The pitch was damp as the rain had fallen quite heavily earlier in the evening. The grass was quite slippery, making it difficult for players to keep steady and upright on the pitch.

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ATTACK: Neo Makua dribbles past the TUT-1 defense. Photo: Samantha Camara

In the first few minutes neither team asserted themselves as ball possession was equally distributed.

A counter attack by TUT in the 15th minute led by Senzo Mtshali with the assistance of Shirinda Vogani almsost put them in the lead. Future Gumede eventually took the shot that went wide of the post.

Wits player Innocent Magasela found himself at the end of a hard tackle in the 18th minute of the game which left him in serious pain, giving Wonder Frank an opportunity to show his skills after Magasela had to be taken off.

In the 27th minute of the first half, the perseverance of the TUT side and an error by Wits gave the TUT combination of Mtshali, Vongani and Gumede an opportunity to move towards Wits goals from the left hand side of the Wits defence resulting in a surprising goal by Bongi Mkhabele. Placing TUT-1 in the lead with 13 minutes of the first half remaining.

The second goal of the match came in the 79th minute of the match after both teams had a series of back-and-forth attempts. Gumede, who had been a headache for the Wits defence throughout the game, led an attack from the middle. Vongani stole the ball from the Wits mid-fielders and went through the right hand side of Wits’ defence to score a goal that can only be described as beautiful, sealing the fate of the Wits side.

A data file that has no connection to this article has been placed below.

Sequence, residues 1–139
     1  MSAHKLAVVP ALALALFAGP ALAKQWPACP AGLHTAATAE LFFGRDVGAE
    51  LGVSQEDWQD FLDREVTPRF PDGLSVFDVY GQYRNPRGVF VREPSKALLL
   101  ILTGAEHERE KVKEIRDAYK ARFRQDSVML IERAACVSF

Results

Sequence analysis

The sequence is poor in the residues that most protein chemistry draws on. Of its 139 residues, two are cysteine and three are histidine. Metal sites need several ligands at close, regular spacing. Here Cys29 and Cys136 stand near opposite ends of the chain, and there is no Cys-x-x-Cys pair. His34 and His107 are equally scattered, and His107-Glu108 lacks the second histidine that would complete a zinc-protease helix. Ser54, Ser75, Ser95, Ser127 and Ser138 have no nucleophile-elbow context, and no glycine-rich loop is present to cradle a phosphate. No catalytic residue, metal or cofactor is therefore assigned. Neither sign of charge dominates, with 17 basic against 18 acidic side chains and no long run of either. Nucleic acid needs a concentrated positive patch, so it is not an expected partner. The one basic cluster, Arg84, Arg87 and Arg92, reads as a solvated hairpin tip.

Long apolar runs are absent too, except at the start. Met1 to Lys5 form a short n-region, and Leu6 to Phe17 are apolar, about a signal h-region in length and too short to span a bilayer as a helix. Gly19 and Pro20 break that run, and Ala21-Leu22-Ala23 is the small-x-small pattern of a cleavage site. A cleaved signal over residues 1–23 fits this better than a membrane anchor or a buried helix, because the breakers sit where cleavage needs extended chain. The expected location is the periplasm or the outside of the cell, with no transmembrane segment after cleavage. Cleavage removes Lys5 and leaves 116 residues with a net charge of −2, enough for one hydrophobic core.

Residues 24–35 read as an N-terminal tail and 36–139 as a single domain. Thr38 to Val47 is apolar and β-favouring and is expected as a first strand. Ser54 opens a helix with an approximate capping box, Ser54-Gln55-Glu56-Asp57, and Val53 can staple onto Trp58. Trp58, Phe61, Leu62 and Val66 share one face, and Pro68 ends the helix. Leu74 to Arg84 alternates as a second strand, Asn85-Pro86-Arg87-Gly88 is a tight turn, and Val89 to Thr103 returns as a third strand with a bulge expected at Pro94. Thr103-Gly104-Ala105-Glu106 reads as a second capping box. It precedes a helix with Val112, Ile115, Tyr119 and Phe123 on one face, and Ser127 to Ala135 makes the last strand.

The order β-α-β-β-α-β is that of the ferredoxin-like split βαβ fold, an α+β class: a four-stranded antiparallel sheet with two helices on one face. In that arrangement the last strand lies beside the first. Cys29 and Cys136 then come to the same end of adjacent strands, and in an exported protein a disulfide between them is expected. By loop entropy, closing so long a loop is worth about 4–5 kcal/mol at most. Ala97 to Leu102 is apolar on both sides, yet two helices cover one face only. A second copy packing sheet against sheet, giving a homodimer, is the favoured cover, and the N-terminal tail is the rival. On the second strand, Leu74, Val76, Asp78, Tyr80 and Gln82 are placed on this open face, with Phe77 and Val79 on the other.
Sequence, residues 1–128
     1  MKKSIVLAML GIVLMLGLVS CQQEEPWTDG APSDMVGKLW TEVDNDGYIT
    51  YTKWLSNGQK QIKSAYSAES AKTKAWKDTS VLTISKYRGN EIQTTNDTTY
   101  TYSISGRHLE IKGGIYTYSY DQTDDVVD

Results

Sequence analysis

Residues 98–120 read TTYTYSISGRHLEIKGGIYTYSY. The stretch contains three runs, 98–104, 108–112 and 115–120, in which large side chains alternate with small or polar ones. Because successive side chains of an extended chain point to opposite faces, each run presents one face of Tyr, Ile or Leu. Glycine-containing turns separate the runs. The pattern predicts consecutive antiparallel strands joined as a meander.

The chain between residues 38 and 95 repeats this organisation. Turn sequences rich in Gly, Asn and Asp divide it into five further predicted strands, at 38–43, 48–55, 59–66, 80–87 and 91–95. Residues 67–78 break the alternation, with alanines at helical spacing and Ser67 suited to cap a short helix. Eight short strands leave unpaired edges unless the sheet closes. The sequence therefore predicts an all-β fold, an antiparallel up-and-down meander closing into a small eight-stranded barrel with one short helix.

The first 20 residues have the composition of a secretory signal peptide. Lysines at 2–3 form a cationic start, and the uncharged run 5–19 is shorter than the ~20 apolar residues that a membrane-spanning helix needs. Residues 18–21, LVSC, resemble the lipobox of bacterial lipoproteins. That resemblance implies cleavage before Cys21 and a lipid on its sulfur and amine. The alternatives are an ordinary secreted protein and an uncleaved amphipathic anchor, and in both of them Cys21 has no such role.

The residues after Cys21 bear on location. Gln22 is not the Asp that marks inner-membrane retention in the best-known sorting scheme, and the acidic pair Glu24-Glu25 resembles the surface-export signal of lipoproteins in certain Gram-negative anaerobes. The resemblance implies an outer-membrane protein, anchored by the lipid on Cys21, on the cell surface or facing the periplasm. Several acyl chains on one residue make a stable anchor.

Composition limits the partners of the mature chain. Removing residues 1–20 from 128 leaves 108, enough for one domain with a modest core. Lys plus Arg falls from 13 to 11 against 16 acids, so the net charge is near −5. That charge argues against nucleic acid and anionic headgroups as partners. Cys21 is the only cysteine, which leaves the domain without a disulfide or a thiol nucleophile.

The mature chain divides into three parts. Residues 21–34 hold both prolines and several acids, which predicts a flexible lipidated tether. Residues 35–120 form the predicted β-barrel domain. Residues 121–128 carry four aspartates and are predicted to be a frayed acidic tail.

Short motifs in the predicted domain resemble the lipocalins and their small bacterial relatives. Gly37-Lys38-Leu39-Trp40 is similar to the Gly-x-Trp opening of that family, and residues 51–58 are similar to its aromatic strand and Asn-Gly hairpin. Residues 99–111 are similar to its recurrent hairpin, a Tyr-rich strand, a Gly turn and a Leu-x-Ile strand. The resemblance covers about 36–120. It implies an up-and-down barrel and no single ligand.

Coach of the winning side TUT Maude Khumalo said: “I am very happy with the way the boys played, they listened to my instructions, they played as a team and they worked hard.”

Both Wits teams will play away against Midrand Graduate Institute on the 24th March at the Makulong Stadium.

President Zuma gets the vote

President Jacob Zuma managed to survive an opposition-led vote of no confidence when The National Assembly voted against the motion on Tuesday March, 17.

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CONFIDENT: President Jacob Zuma received the majority of votes against a motion of no confidence in him brought forward by opposition parties at The National Assembly on Tuesday. File Photo: Amanda Lucidon.

The final result of the vote was 113 in favour, 221 against and eight members abstaining.

Voting was delayed by about 10 minutes when the electronic ballot system froze and technicians had to be called in to fix the problem.

This is the second motion of no confidence against the president this year. The first motion was brought forward by political party Agang SA in February but was withdrawn when a secret ballot was denied. The DA filed for a motion of no confidence on Tuesday March, 03 following Agang’s withdrawal.

During the no confidence debate, DA Parliamentary Leader Mmusi Maimane commented that those opposed to the motion would “…vote against their conscience…”and “vote for a thief…”. ANC chief whip Stone Sizani objected to Maimane’s comment that the president is a thief. Maimane reluctantly withdrew the comment but said it was allowed by the constitutional court.

Watch some of Maimane’s speech below:

A member of the Economic Freedom Fighters Nokolunga Sonti made similar comments to Maimane, providing an ultimatum that the vote was either for President Zuma or South African citizens. The Freedom Front Plus’s Pieter Groenewald said that “The president runs away from his responsibilities”.

The debate included numerous insults made by assembly members such as Human Settlements Minister Lindiwe Sisulu saying Maimane is “a desperate man trying to prop up a desperate party [the DA].” Opposition members responded by saying speaker Baleka Mbete was acting impartially.

The president was not present during The National Assembly as he was attending the inauguration of new Lesotho Prime Minister-elect Pakalitha Mosisili according to a statement by the office of the President.